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Standing Firm

Mark Jubelirer, president of Reyers Shoe Store in Sharon, PA, reflects on his decision to remodel and remain in his beloved steel town.

Mark Jubelirer, president of Reyers Shoe Store

Mark Jubelirer, president of Reyers Shoe Store

Dear Mark,

I am considerably older now and (maybe) wiser, for I have seen the future.

There will come a time at the beginning of the new century when you’ll stand at a crossroads. A decision will be in the offing, and the choice—as well as the responsibility—will be yours alone.

The situation will seem straightforward enough: You and your brother (Stephen) will be considering a makeover for the business. A facelift. A remodel. Simple. Okay.

You’ll call the guy who remodeled your store the last time—for a reasonable price and a job well done. He’s widely respected and recommended in the industry, and still open for business. You’ll decide to have him come up, hoping he will again be able to give you guidance regarding updated display methods, colorations, traffic flow, signage and the like—everything the business needs.

The company representative will fly in from North Carolina and check into a local motel the night before the appointment. He’ll rent a car and take a ride around the area to see whether anything has changed since the last time he visited. At the appointed time he’ll show up, you’ll greet him at your front door and he’ll say, “Get the hell out.”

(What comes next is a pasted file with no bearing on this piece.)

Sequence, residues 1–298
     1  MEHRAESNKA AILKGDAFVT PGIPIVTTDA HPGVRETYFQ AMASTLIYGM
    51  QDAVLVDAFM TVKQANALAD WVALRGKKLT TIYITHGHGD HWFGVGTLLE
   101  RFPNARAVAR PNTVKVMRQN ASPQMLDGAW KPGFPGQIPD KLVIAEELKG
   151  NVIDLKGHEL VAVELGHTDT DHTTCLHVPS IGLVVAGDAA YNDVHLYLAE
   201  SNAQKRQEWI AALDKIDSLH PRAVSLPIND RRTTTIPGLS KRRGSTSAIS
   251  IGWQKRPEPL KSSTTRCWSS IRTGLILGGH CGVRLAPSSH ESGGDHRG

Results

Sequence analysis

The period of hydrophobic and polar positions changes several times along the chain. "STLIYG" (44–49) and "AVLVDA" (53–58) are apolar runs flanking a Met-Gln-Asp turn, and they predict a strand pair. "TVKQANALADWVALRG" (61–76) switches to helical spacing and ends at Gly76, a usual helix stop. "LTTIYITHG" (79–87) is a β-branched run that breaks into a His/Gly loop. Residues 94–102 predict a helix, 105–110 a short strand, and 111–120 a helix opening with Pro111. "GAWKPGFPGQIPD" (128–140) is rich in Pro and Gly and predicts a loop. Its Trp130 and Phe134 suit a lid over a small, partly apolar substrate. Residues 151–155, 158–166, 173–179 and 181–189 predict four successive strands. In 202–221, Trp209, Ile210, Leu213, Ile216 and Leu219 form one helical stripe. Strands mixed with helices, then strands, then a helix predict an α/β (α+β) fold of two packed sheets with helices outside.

“Whaddya mean?” you’ll ask.

“Get out. Move,” he’ll snap.

“Don’t you want to even come in and look around?” you’ll offer politely.

“Not necessary,” he’ll reply. “I’ve seen enough already. If you’re serious about improving your business, then shut it down. Get out of Sharon, Pennsylvania. Open up somewhere else.”

Wait, what? You’ll feel like a bucket of icy water has been thrown in your face. This guy was supposed to come here, look around the store and make appropriate recommendations. The expectation was that you’d agree on a plan, work would get done and you’d pay the invoice. Done deal.

Instead, he’s proposed that you move to Raleigh/Durham, North Carolina. Naturally, you think. He’s familiar with the area; he lives there. Sure, it’s nice. Growing population. Upscale demographic. Golf almost year-round. God’s country. All good. Except you’d be starting over! After a century doing business in your precious little steel town, to abandon all of your customers and employees, and to dissolve a multimillion-dollar shoe business seems at least counterintuitive to you. It might just be crazy. Besides, might the ghosts of your forebears roll in their graves?

So instead of taking this man’s advice, you’ll decide to remodel your store in Sharon and get what you get. Oh, sure, your store will be more gorgeous than ever. But will you be doing more business or less because of the decision? You’ll never be sure whether that’s the only metric to go by or even the most important one. You’ll try to convince yourself it’s not. And it will haunt you even as your business continues to garner the occasional award for good service and to enjoy accolades from those who know you well. Your customers will remain ever loyal and tell you how much they need you all of the time.

Still, the question will nag at you relentlessly until, finally, it’ll be springtime and nice enough outside to tee it up once again.

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